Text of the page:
We had been living in the neighborhood for the last 12 years where we and a team of friends had planted Jacob’s Well Church in 2006. The move into East Central was one that was a direct call and based on serious missional vision and ministry values. We were all in and committed to seeing a type of ministry and mission emerge through neighborhood based, incarnational, service orientated, gospel work, witness and worship. All of life, lived and worked out in and among the working poor. We had committed to face all the challenges and opportunities associated with a neighborhood facing serious issues surrounding poverty, addiction, race, crime and violence. It was our burning of the boats season of life. We had chosen a way of being and doing life, ministry and mission and we were going to make it happen by the grace of God or die trying.
Oh the wild life we have lived! We (us, our kids and our church members) have seen miracles and madness, breakthroughs and breakdowns, new life and unrelenting death, growth and church splits, national attention and local derision, unity and betrayal. We have witnessed more than we could ever imagine and more than we ever wanted. This journey has thrown us in the deep end and most of the time we’ve felt like we were drowning or breaking some kind of Guinness book of world records with treading water.
We have fought lions, torn down gates, woke the dead, drove out devils, touched glory and tasted the waters of life in all their multifaceted powers. But we have buried friends, watched good turn to ugly and horror. We have been crushed by personal and public trials, troubles and terrors. Wrestled with friends, police, thugs, blight and neighbors. Been beaten down so low, stretched too thin and almost expired of all sense of meaning and hope and sometimes sanity!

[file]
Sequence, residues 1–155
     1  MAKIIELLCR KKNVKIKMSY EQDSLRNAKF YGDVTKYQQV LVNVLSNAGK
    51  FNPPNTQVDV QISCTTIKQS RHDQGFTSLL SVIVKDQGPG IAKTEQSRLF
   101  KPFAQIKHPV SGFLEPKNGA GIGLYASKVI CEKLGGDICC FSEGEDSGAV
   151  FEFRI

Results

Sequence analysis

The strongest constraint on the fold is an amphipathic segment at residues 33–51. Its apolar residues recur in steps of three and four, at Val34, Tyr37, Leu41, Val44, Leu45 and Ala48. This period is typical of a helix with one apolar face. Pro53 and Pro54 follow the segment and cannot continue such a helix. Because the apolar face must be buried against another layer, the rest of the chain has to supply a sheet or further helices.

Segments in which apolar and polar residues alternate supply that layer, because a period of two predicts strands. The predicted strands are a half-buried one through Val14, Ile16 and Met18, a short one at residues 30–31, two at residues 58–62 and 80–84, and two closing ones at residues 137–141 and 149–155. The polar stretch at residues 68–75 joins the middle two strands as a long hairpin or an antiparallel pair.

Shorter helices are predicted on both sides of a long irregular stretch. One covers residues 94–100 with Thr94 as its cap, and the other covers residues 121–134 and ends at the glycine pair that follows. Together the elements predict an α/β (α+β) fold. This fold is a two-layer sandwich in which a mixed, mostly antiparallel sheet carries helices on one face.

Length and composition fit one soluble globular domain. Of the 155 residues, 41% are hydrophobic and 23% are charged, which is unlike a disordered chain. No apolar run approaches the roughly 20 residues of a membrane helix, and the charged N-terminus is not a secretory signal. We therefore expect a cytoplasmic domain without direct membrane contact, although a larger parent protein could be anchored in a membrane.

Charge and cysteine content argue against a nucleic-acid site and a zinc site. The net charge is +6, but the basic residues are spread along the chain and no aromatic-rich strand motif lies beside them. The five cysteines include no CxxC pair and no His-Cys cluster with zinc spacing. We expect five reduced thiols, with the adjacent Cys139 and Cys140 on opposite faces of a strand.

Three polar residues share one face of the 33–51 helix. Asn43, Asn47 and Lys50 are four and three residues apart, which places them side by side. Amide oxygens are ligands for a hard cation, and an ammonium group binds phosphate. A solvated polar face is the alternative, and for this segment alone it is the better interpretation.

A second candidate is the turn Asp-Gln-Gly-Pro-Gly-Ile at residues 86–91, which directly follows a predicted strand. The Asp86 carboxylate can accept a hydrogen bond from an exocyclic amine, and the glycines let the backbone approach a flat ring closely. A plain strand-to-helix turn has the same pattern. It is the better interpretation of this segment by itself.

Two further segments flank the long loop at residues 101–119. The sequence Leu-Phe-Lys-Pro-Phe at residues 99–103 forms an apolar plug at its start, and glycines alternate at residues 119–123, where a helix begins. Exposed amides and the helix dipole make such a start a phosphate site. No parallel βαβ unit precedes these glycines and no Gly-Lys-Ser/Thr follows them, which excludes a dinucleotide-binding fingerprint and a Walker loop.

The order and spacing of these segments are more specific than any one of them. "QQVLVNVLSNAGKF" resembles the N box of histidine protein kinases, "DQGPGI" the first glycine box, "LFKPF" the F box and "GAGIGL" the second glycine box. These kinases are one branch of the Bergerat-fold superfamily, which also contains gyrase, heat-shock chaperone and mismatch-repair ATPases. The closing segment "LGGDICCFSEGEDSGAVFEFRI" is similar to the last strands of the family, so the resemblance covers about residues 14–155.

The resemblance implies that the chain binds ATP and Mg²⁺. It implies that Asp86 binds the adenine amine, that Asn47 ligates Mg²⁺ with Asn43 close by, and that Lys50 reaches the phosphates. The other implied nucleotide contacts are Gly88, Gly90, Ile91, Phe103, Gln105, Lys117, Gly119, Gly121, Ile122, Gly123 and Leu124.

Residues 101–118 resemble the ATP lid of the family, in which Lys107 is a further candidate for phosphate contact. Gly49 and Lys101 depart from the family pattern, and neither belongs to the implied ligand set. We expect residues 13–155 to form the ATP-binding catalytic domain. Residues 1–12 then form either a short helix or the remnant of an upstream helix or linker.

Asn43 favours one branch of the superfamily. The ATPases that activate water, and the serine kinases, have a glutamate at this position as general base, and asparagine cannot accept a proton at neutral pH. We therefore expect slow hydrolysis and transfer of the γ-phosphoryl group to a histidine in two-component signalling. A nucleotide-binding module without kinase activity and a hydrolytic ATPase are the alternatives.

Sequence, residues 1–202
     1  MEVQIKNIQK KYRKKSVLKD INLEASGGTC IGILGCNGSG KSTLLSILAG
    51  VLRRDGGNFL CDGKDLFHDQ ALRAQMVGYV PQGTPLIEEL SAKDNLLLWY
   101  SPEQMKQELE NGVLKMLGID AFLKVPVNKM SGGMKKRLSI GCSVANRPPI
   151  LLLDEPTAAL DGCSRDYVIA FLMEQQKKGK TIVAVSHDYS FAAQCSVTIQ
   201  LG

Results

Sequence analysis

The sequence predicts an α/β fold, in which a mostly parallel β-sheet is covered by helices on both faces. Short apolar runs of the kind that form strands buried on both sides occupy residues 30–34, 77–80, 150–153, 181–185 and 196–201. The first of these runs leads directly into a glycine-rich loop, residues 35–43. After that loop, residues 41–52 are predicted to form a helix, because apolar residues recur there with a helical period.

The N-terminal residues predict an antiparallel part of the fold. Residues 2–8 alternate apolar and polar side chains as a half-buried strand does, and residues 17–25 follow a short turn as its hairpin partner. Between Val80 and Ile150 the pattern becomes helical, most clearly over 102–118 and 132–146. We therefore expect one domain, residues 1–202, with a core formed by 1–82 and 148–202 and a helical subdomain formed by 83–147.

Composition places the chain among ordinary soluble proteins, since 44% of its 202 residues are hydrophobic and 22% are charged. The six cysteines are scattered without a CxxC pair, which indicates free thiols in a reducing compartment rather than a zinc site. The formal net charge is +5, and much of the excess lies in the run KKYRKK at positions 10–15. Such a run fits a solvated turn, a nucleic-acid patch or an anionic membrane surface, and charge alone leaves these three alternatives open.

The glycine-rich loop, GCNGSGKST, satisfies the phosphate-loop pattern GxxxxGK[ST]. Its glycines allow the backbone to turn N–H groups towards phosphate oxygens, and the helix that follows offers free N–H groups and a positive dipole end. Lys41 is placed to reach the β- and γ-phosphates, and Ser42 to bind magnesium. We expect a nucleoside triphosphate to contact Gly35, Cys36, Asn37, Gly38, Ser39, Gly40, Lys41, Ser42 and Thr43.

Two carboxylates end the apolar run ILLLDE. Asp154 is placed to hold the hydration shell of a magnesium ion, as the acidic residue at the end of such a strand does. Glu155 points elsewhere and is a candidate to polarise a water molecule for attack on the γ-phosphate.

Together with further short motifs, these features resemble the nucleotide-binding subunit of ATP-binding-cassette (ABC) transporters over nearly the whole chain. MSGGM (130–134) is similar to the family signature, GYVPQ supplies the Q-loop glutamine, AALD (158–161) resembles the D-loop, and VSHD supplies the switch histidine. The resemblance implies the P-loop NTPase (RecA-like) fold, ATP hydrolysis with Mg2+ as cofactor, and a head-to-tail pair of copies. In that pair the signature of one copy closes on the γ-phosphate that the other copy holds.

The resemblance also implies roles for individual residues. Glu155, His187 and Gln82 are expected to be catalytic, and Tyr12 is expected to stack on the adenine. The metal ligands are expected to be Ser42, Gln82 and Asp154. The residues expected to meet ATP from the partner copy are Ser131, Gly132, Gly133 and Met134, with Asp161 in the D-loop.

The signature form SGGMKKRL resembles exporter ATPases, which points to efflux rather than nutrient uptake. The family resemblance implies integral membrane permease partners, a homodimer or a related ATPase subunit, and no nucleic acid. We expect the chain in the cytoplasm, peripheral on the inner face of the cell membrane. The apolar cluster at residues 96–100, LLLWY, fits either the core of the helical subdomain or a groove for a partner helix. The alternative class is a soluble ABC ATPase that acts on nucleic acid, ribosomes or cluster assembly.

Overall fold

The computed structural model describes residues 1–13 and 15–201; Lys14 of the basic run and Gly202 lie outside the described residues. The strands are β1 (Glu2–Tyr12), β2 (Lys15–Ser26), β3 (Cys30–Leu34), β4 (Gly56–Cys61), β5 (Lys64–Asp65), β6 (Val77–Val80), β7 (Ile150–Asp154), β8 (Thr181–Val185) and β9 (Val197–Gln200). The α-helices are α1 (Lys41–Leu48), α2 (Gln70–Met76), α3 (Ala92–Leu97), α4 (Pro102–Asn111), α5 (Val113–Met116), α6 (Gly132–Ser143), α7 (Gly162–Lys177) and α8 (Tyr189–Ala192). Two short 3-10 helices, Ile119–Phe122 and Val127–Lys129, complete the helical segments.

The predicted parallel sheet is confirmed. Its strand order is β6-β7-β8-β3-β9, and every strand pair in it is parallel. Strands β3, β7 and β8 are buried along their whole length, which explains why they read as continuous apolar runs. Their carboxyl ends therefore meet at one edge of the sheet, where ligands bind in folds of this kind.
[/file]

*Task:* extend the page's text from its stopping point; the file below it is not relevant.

There have been moments when we could feel the breath of the dragon and hear the laughter of hell and yet sung with the songs of angels and stood desperately fast when others fled. We have seen God be faithful, good and more than enough and discovered that we are less than we ever thought we were. We have surrendered to the realization that we will never be enough and we are not messiahs and that is ok. It has been a lesson in the exaltation of Christ and the downfall of us. He has increased but we have decreased and we have grown more and more aware of the insane wisdom of it all. But the book of our life, ministry and church is not over, this is been but a chapter or two, a few decades in the Divine Kingdom campaign we have been blessed to be drafted in but will never see the completion of in our lifetime.
The realization of these truths have been liberating to me, as I wrestled with yielding to the call of the next season of our married life. At the retreat in 2017, one of my pastor friends recommended a chapter in a book that he thought would help me discern what I was coming to terms with in my life. Below are the portions that helped me confirm the call and take the nexts steps of action needed to submit to a new opportunity before me in life, ministry and mission.
The Emotionally Healthy Leader: How transforming your inner life will deeply transform your church, team and the world. By Peter Scazzero